“The money I’ve made has been great, and it’s an important reason why I’m here, but it’s my campmates and the club members who really keep me coming back each year,” he said.

Sankaty Head Golf Club members raised $5,000 when the Sankaty Head Foundation was formed in 1961 to establish policy for the camp. Today the association’s endowment exceeds $500,000, and a 15-person board of trustees oversees the camp’s operation and development. A camp director and staff manage and supervise the campers.

Sconset summer resident and Sankaty Head Foundation trustee Jack Welch, the retired head of General Electric, is one of the camp’s most ardent supporters. Having caddied himself for 10 years as a youngster, Welch said he’s a fervent fan because the experience taught him invaluable lessons.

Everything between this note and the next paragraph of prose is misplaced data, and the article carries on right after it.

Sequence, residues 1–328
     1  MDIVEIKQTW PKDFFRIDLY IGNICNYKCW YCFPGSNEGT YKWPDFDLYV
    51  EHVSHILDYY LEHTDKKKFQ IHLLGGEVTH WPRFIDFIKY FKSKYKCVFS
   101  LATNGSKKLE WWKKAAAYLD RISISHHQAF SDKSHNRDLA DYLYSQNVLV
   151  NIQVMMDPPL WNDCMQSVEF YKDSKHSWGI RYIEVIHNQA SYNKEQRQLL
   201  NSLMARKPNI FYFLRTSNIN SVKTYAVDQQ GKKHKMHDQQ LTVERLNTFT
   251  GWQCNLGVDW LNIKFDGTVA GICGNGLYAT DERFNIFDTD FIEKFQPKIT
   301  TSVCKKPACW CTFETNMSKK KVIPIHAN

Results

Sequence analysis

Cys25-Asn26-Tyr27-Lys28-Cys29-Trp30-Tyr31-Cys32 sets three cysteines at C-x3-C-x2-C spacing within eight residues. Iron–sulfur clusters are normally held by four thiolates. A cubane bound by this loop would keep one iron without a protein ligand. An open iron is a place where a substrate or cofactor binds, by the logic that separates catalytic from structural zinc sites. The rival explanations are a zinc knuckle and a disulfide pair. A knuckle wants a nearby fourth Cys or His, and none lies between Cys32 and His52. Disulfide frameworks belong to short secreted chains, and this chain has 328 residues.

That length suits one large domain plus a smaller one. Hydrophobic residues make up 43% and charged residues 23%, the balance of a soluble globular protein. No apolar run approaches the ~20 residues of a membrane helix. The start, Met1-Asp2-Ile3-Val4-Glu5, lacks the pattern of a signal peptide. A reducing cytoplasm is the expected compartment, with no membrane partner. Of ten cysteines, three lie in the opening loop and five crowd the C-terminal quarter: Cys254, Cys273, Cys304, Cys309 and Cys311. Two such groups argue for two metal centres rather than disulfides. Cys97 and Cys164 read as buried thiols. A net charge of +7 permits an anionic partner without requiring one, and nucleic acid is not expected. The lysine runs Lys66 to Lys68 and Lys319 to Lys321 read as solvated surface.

“I saw firsthand the variety of human-nature responses to different unprotected situations and I witnessed behaviors I liked and those I didn’t find attractive at all, from silly emotional outbursts over bad shots to the generosity of spirit, or the lack thereof, in the tipping process,” he said. “I learned a lot that served me well later in life both on and off the golf course, and I want to support other young men having the same learning experience.”

Welch said Camp Sankaty is a microcosm of the real world and gives campers a taste of what lies in their future. “The best kids, both from a personality and caddying standpoint, are promoted to the best positions and receive the largest rewards in annual caddy fees and scholarship grants. The average fall into the middle, and those that don’t deliver get the weakest loops with the lowest pay and miss out on scholarship grants. This experience is just what they will see in whatever career they choose,” he said.